The Bank of Ireland Life business, which has its headquarters on Dublin’s Nassau St, employs about 175 people.
Two years ago, the bank’s management said it was seeking 750 redundancies across the group, but more recently admitted the overall figure would be north of that.
Approximately half of the initial 750 target has already been reached and Bank of Ireland’s workforce declined by around 3,700 people between early 2008 and the end of last year.
The bank workers’ union IBOA recently stated concern that another 600 jobs could be lost at Bank of Ireland. This followed the union reaching agreement on redundancy terms for the original wave of reported job cuts at the bank.
Bank of Ireland was not commenting on the life division cuts yesterday.
However, the bank has previously stated it will continue to make “operational efficiencies” aimed at meeting its restructuring and funding targets. It has also said that “a range of business change initiatives” are under review in each of its jurisdictions (the Republic, the North, and Britain).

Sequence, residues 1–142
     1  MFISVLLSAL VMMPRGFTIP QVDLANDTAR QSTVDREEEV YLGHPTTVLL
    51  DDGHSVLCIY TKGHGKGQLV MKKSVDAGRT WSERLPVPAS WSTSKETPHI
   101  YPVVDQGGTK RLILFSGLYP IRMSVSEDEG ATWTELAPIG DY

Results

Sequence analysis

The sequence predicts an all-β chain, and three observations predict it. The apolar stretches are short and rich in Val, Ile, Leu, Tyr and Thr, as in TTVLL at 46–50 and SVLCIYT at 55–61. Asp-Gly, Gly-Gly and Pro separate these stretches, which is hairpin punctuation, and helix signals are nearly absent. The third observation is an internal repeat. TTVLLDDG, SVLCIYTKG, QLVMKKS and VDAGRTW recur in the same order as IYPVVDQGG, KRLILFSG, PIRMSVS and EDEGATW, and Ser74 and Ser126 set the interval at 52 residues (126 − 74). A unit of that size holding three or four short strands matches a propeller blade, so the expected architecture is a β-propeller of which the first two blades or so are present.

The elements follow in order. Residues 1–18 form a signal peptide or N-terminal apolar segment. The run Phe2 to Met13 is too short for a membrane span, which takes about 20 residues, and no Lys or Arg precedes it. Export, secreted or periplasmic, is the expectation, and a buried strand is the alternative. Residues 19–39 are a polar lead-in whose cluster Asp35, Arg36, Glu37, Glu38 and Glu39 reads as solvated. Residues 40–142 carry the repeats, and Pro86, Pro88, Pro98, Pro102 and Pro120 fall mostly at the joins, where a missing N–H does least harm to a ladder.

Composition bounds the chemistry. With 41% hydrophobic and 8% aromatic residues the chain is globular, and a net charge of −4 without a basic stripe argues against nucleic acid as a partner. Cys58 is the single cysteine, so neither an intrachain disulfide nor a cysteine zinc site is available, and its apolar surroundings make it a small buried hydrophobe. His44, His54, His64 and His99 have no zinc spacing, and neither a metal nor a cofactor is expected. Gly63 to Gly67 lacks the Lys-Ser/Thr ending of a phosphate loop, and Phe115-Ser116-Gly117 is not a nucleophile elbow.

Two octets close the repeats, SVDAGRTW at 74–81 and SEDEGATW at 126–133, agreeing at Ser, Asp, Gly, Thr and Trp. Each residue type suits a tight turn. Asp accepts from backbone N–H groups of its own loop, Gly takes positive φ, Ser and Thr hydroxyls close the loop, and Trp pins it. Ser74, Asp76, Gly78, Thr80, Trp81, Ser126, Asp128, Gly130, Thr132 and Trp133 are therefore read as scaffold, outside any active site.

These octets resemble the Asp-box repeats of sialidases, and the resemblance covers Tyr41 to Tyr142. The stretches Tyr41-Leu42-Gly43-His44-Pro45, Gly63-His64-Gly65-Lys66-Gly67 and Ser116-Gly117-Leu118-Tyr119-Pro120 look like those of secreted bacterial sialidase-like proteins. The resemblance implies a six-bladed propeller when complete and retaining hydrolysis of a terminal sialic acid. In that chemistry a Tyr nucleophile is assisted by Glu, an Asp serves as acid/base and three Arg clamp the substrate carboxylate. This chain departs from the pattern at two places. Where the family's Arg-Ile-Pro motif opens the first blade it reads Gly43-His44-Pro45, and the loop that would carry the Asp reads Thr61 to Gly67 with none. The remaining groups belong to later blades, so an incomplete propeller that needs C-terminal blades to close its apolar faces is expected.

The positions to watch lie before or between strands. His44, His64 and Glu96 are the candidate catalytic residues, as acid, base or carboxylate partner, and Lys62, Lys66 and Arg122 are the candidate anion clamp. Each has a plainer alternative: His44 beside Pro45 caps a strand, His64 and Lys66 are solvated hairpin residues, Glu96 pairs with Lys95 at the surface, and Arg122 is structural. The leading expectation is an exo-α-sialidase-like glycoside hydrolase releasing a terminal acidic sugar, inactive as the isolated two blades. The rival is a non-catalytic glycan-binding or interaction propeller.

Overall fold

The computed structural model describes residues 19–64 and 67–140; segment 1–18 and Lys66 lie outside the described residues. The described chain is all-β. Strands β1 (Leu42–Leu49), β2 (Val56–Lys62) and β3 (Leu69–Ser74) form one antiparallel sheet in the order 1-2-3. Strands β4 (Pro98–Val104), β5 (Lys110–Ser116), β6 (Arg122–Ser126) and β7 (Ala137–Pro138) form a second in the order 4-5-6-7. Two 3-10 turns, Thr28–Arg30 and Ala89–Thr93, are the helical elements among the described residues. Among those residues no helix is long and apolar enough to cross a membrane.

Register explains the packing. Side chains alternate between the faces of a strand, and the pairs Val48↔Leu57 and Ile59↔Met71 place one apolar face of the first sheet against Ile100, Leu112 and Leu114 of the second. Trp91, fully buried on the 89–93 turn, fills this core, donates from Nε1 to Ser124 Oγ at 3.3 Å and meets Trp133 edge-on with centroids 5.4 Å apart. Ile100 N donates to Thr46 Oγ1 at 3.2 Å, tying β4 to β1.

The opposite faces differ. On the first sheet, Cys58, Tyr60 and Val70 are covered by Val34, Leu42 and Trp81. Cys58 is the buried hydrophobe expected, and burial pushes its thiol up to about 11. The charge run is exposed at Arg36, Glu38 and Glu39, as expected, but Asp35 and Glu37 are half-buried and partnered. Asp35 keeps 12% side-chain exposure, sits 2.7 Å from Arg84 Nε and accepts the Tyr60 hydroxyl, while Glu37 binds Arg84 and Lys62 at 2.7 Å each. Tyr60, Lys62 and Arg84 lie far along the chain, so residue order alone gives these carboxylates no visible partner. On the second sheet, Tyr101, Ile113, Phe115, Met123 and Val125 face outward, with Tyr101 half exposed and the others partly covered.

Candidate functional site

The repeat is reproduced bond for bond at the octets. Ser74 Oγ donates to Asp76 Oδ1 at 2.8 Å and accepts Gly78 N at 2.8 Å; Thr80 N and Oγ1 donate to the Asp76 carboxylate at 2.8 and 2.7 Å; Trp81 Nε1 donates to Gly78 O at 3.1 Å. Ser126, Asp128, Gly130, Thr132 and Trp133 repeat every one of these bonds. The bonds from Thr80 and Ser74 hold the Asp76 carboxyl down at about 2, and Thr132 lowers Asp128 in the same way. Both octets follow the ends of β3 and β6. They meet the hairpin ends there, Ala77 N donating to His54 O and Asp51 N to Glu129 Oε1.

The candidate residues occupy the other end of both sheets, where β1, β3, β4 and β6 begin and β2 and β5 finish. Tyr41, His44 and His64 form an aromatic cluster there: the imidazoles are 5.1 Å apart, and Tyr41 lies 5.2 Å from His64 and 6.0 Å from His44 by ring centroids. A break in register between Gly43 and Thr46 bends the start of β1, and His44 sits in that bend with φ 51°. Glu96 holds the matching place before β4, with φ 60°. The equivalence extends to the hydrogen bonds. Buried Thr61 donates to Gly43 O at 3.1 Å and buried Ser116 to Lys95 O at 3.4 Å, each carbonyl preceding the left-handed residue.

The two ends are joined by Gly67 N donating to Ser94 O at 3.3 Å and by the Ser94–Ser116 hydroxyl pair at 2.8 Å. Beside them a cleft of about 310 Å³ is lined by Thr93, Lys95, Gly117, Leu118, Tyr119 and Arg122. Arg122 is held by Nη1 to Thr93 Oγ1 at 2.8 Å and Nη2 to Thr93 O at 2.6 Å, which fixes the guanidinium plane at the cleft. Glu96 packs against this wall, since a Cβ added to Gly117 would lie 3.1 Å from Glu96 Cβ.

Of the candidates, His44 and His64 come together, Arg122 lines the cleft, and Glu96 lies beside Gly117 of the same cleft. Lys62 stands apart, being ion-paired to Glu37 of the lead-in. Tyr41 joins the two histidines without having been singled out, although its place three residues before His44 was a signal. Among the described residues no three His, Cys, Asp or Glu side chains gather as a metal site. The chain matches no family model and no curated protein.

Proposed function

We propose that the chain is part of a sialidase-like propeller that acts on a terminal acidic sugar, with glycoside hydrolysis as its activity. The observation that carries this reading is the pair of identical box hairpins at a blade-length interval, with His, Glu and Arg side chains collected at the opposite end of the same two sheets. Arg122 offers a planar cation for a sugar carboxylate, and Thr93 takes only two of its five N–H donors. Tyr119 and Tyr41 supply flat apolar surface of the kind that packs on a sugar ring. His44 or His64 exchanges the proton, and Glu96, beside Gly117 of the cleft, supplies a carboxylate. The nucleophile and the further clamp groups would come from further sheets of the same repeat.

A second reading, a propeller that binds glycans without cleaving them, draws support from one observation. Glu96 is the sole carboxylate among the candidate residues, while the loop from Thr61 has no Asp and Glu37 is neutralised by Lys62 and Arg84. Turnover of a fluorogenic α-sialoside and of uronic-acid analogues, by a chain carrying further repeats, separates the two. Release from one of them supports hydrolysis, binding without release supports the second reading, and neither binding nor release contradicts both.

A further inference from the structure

“As plans are finalised, details will be communicated, with consultation taking place in the first instance with staff employed in those units and with employee representatives where relevant,” chief executive Richie Boucher said earlier this year.
Bank of Ireland has said, however, that any job losses will not lead to the closure of any of its retail branches. The bank has 250 branches in the Republic and anticipates keeping that number for the foreseeable future.
Management has said it considers the branch network to be an extremely important part of its business strategy, with a presence in local communities being “vitally important” and closure decisions only arrived at after “considerable debate” and analysis.